The concert will be preceded at 7:15 p.m. by a lecture by MBM founder and director Trevor Stephenson (below), who will talk about period instruments, the pieces and composers on the program, and historically informed performance practices.

The seasonal program features works by Johann Sebastian Bach, Arcangelo Corelli and Antonio Vivaldi.

Soprano Alisa Jordheim (below top) and baritone Joshua Copland (below bottom) will sing the solo parts in a cantata by Bach.

They will be joined by UW-Madison oboist Aaron Hill (below bottom) and a baroque string ensemble in Bach’s lyrical masterpiece Cantata BWV 32 Liebster Jesu, mein Verlangen (Dearest Jesus, My Desiring). A aria and a song by Bach will also be performed.

Also on the program is the rarely performed but electrifying chamber cantata or motet “In Furore iustissimae irae,” RV 626, by Vivaldi. (You can hear it in the YouTube video at the bottom.)

The concert will open with the Concerto Grosso in F Major, Op. 6, No. 12, by Arcangelo Corelli.

The concert will conclude with MBM concertmaster Kangwon Kim as the featured violin soloist in the Winter section from Vivaldi’s popular Four Seasons.

Advance-sale discount tickets are $30 for general admission and are available at Orange Tree Imports and the Willy Street Co-op (East and West).

Advance sale online tickets: www.madisonbachmusicians.org

Tickets at the door are $33 for the general public, $30 for seniors (65+). Student Rush tickets for $10 go on sale 30 minutes before the lecture at 6:45 p.m.

For more information, go to: www.madisonbachmusicians.org


Classical music: Here are the classical music nominations for the 2018 Grammy Awards. They make a great holiday gift list of gives and gets

December 2, 2017
6 Comments

By Jacob Stockinger

This posting is both a news story and a holiday gift guide of recordings you might like to give or get.

It features the classical music nominations for the Grammy Awards that were just announced this past week.

The winners will be announced on a live broadcast on Sunday night, Jan. 28, on CBS.

Read them and then in the COMMENT section tell us which title you think will win in a specific category and what you think of the recordings you know firsthand.

HISTORICAL ALBUMS:

  • “The Goldberg Variations — the Complete Unreleased Recording Sessions June 1955” — Robert Russ, compilation producer; Matthias Erb, Martin Kistner & Andreas K. Meyer, mastering engineers (Glenn Gould)
  • Leonard Bernstein — the Composer” — Robert Russ, compilation producer; Martin Kistner & Andreas K. Meyer, mastering engineers (Leonard Bernstein)

ENGINEERED ALBUM, CLASSICAL

  • “Danielpour: Songs of Solitude & War Songs” — Gary Call, engineer (Thomas Hampson, Giancarlo Guerrero & Nashville Symphony)
  • “Kleiberg: Mass for Modern Man” — Morten Lindberg, engineer (Eivind Gullberg Jensen, Trondheim Vokalensemble & Trondheim Symphony Orchestra)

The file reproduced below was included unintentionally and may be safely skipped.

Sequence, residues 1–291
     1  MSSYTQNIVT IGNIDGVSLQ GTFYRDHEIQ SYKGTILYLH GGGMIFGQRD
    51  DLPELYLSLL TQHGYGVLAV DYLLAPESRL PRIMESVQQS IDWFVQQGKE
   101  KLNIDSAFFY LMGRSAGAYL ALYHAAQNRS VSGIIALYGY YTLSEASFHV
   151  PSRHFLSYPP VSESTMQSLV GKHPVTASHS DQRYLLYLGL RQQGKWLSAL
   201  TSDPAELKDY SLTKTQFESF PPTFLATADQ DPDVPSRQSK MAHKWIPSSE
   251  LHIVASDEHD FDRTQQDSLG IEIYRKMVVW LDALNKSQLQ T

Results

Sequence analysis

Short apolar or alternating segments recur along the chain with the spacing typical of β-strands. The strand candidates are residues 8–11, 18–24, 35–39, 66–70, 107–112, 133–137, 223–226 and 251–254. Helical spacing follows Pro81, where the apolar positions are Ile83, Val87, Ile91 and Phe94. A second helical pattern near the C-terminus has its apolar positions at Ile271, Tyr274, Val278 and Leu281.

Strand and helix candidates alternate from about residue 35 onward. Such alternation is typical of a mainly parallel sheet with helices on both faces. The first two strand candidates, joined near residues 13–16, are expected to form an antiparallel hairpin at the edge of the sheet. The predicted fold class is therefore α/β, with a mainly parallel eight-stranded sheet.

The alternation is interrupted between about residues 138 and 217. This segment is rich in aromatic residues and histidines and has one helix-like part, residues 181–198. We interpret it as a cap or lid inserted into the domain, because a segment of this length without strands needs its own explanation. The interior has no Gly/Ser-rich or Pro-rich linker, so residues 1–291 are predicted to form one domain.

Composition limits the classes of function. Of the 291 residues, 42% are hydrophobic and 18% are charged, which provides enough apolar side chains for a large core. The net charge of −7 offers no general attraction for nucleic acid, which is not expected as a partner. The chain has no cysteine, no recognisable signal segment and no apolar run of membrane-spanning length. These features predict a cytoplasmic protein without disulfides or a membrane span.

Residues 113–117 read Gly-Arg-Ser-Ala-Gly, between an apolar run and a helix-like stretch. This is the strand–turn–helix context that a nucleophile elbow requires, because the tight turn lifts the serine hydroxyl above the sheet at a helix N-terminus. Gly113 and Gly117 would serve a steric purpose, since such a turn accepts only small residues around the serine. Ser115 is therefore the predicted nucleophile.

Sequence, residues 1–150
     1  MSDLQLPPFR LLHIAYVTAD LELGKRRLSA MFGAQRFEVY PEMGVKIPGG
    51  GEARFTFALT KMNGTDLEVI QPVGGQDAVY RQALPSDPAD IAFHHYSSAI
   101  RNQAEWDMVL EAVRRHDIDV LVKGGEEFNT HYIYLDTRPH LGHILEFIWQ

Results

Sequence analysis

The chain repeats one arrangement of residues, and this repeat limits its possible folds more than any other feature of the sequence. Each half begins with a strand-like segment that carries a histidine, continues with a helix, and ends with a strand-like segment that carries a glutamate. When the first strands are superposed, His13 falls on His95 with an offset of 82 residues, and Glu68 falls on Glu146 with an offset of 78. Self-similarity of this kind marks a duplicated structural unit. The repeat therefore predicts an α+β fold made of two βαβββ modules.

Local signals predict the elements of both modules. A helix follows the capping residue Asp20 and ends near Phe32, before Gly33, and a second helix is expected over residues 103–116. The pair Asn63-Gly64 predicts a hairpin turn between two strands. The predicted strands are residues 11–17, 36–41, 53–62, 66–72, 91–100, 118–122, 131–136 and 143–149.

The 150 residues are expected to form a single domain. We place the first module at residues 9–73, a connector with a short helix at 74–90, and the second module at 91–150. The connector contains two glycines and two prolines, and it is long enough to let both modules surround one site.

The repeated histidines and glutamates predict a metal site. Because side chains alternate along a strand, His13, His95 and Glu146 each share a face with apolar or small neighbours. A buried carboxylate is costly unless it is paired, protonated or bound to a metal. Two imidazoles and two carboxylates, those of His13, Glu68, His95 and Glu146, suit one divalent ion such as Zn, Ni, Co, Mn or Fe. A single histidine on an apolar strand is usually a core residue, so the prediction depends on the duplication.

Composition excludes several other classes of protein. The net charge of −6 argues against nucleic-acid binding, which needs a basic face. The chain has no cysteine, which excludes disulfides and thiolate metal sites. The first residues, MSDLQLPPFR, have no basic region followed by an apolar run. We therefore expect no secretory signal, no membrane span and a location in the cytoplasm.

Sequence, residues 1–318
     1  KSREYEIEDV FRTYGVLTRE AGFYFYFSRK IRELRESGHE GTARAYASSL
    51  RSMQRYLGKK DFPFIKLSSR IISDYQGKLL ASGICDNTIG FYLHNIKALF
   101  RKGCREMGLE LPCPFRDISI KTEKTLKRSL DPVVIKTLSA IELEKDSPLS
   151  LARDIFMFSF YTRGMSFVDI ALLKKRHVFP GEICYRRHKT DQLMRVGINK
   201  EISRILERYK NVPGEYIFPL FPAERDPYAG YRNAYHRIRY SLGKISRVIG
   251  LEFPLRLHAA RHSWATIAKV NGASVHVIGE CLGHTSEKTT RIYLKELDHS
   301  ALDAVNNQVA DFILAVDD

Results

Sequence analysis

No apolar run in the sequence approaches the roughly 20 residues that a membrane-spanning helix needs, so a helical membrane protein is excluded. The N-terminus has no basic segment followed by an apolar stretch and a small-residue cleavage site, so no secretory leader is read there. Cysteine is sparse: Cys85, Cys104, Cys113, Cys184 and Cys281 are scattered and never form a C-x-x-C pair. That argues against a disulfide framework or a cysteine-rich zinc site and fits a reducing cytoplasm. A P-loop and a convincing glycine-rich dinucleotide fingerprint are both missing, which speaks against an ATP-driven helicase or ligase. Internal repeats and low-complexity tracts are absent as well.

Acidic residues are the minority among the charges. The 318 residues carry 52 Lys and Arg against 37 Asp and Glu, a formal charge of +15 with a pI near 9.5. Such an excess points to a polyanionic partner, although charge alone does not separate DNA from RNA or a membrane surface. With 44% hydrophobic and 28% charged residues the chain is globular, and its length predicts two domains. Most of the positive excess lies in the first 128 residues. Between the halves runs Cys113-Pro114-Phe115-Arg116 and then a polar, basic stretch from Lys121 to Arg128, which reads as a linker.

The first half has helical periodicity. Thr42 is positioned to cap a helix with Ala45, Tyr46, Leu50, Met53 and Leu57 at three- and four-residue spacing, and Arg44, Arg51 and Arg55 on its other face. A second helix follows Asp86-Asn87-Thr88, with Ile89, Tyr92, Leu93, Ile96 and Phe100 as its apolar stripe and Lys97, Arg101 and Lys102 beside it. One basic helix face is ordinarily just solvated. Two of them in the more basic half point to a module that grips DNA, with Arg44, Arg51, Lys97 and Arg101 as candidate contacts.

• “Schoenberg, Adam: American Symphony; Finding Rothko; Picture Studies” — Keith O. Johnson & Sean Royce Martin, engineers (Michael Stern & Kansas City Symphony)
  • “Shostakovich: Symphony No. 5; Barber: Adagio” — Mark Donahue, engineer (Manfred Honeck & Pittsburgh Symphony Orchestra)
  • “Tyberg: Masses” — John Newton, engineer; Jesse Brayman, mastering engineer (Brian A. Schmidt, Christopher Jacobson & South Dakota Chorale)

PRODUCER OF THE YEAR, CLASSICAL

  • Blanton Alspaugh
  • Manfred Eicher
  • David Frost
  • Morten Lindberg
  • Judith Sherman (below)

ORCHESTRAL PERFORMANCE

  • “Concertos for Orchestra” — Louis Langrée, conductor (Cincinnati Symphony Orchestra)
  • “Copland: Symphony No. 3; Three Latin American Sketches” — Leonard Slatkin, conductor (Detroit Symphony Orchestra)
  • “Debussy: Images; Jeux & La Plus Que Lente” — Michael Tilson Thomas, conductor (San Francisco Symphony)
  • “Mahler: Symphony No. 5” — Osmo Vänskä, conductor (Minnesota Orchestra)
  • “Shostakovich: Symphony No. 5; Barber: Adagio” — Manfred Honeck, conductor (Pittsburgh Symphony Orchestra)

OPERA RECORDING

  • “Berg: Lulu” — Lothar Koenigs, conductor; Daniel Brenna, Marlis Petersen & Johan Reuter; Jay David Saks, producer (The Metropolitan Opera Orchestra)
  • “Berg: Wozzeck” — Hans Graf, conductor; Anne Schwanewilms & Roman Trekel; Hans Graf, producer (Houston Symphony; Chorus of Students and Alumni, Shepherd School of Music, Rice University & Houston Grand Opera Children’s Chorus)
  • “Bizet: Les Pêcheurs de Perles” — Gianandrea Noseda, conductor; Diana Damrau, Mariusz Kwiecień, Matthew Polenzani & Nicolas Testé; Jay David Saks, producer (The Metropolitan Opera Orchestra; The Metropolitan Opera Chorus)
  • “Handel: Ottone” — George Petrou, conductor; Max Emanuel Cencic & Lauren Snouffer; Jacob Händel, producer (Il Pomo D’Oro)
  • “Rimsky-Korsakov: The Golden Cockerel” — Valery Gergiev, conductor; Vladimir Feliauer, Aida Garifullina & Kira Loginova; Ilya Petrov, producer (Mariinsky Orchestra; Mariinsky Chorus)

CHORAL PERFORMANCE

  • “Bryars: The Fifth Century” — Donald Nally, conductor (PRISM Quartet; The Crossing)
  • “Handel: Messiah” — Andrew Davis, conductor; Noel Edison, chorus master (Elizabeth DeShong, John Relyea, Andrew Staples & Erin Wall; Toronto Symphony Orchestra; Toronto Mendelssohn Choir)
  • “Mansurian: Requiem” — Alexander Liebreich, conductor; Florian Helgath, chorus master (Anja Petersen & Andrew Redmond; Münchener Kammerorchester; RIAS Kammerchor)
  • “Music of the Spheres” — Nigel Short, conductor (Tenebrae)
  • “Tyberg: Masses” — Brian A. Schmidt, conductor (Christopher Jacobson; South Dakota Chorale)

CHAMBER MUSIC/SMALL ENSEMBLE PERFORMANCE